There are a lot of thrillers on the market, so it takes a particularly intriguing premise to get my interest piqued in one of these trendy books these days.
Need to Know is about Vivian, a bright CIA analyst on the trail of Russian sleeper cells in the US. It is a unique blend of domestic and spy/political thriller that I personally have not encountered and that is definitely one of its strong points. Originality is key for thrillers in my book!
After a cursory Google search (call me naive, but I know nothing about sleeper cells and this book had me feeling more than a little paranoid) it seems that the initial concept is not at all far-fetched. Also, if you've seen the TV show The Americans, it probably seems like a similar setup.
But this book is set in modern-day Washington DC and the story follows Vivian's perspective as she uncovers huge information about a sleeper cell that puts everything she holds dear—including her husband and four young children—in danger.
It is hard to talk about this book without revealing the first twist (yes, I said first, as in there are more), but I don't want to ruin it for you!
The author herself is a former CIA analyst who specialized in counterterrorism, so that was definitely a plus when it came to the more technical bits and the behind-the-scenes portions of the book. But this also showed in her writing, as it felt a bit juvenile at times and could use some strengthening.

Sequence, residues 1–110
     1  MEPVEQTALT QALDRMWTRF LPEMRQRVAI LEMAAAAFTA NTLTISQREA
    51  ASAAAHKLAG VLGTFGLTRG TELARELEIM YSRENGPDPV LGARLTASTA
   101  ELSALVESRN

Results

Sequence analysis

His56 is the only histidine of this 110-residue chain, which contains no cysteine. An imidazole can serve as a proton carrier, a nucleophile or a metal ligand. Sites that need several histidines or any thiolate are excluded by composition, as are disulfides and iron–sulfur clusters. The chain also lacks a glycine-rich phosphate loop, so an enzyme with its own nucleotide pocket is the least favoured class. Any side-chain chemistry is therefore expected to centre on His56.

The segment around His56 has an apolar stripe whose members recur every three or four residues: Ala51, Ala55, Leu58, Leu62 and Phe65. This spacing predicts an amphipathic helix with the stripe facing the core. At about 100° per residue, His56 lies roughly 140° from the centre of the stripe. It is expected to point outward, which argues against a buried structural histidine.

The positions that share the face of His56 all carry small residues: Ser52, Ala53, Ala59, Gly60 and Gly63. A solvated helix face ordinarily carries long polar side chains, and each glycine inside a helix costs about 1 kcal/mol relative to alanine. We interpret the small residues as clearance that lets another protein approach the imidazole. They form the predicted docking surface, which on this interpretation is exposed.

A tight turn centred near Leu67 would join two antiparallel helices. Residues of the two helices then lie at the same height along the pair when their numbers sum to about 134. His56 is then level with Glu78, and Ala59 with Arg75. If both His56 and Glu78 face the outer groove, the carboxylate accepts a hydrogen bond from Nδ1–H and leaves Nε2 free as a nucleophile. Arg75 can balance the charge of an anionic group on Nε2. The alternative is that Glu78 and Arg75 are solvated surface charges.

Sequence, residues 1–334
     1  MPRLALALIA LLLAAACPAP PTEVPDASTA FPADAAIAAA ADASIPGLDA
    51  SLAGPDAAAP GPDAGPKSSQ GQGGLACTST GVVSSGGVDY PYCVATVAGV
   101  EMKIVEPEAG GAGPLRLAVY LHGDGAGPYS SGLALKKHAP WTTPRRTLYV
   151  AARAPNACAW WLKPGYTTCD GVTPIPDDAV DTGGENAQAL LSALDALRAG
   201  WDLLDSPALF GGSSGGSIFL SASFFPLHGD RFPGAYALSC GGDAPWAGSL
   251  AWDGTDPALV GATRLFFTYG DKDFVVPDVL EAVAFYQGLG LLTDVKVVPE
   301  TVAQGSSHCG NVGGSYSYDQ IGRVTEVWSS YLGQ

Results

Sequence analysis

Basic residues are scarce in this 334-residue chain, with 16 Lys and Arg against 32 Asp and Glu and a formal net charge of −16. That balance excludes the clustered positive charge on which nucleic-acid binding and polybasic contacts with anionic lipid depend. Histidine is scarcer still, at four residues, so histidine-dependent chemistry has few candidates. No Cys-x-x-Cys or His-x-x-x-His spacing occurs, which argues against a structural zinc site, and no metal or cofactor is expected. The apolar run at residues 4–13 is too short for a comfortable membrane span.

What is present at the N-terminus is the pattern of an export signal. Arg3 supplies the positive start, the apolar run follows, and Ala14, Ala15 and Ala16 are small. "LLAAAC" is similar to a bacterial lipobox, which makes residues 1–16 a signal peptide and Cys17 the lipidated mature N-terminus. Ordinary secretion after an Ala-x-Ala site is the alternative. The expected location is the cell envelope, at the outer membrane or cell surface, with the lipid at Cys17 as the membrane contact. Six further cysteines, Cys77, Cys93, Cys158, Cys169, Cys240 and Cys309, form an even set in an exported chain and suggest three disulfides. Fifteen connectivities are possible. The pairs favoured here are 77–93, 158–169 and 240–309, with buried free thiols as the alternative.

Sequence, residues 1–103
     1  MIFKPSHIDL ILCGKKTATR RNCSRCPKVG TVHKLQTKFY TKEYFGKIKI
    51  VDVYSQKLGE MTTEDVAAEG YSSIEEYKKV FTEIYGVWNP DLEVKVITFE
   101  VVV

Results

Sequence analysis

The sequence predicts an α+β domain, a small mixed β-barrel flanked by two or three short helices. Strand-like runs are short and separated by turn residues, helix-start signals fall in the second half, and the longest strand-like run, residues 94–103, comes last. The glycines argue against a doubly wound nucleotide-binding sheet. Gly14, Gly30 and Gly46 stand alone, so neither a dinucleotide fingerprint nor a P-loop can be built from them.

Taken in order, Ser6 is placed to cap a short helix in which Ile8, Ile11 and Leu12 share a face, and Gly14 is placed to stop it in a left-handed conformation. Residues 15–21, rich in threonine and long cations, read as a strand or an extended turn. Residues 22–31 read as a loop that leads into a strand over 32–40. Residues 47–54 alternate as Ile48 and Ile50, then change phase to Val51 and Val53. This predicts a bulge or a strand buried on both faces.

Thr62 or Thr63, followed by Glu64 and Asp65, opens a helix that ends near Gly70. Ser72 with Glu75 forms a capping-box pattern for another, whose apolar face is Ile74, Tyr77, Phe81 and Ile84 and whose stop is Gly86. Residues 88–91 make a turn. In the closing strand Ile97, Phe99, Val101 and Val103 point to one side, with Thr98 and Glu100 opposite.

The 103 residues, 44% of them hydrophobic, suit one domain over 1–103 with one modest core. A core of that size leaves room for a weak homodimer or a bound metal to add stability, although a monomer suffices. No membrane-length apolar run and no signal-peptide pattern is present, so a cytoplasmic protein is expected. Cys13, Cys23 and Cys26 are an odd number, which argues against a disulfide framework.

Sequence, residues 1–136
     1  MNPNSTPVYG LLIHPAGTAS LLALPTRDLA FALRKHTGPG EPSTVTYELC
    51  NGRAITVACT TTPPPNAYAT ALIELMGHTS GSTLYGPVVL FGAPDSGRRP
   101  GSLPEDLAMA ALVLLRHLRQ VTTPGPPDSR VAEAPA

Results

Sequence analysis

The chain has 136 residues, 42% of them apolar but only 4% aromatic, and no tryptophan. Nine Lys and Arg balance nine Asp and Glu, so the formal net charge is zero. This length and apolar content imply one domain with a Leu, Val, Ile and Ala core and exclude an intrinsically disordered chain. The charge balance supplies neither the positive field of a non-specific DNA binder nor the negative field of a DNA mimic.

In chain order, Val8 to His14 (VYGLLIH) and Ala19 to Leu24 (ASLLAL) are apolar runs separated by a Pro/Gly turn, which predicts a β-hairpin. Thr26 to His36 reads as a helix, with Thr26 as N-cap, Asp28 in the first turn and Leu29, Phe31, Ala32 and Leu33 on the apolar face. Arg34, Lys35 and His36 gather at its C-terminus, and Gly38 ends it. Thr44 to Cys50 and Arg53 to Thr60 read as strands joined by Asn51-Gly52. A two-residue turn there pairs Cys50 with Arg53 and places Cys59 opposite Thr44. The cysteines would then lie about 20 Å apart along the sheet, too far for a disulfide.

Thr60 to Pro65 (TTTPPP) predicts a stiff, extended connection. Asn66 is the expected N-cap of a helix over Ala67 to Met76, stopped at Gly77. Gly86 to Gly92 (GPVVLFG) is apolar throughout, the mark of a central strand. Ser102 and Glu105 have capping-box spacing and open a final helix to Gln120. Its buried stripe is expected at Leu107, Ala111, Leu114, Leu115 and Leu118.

It is a very fast-paced read, one that I got through in just one night—I guarantee that once you read the first chapter, you'll be sucked into the second, and from there it is difficult to leave the story without knowing what happens next.
While this definitely is a fun book, I wouldn't consider it very deep or engaging. It leads the reader around the plot threads on a leash and doesn't offer much in the way to let the reader in to a deeper level where they could participate in solving the twists themselves. I found it to be a fairly surface-level book.
I definitely appreciate the domestic angle, but kids-in-peril plot lines never hold a lot of stock for me personally. I never felt that close to the children in the book as their characters are not well-developed, nor did I feel them to be in immense peril. The story is definitely Vivian's and that is where the bulk of the characterization goes.
This is the sort of book that is perfect when you just want to let your brain go on autopilot and let the book drive. It feels very cinematic and would make for a great movie.
Overall, I found it to be a good, but not overly engaging read.
Thank you to Ballantine Books for my copy to read and review.
Associate editor, amateur photdographer, bibliophile, and occasional sleuth.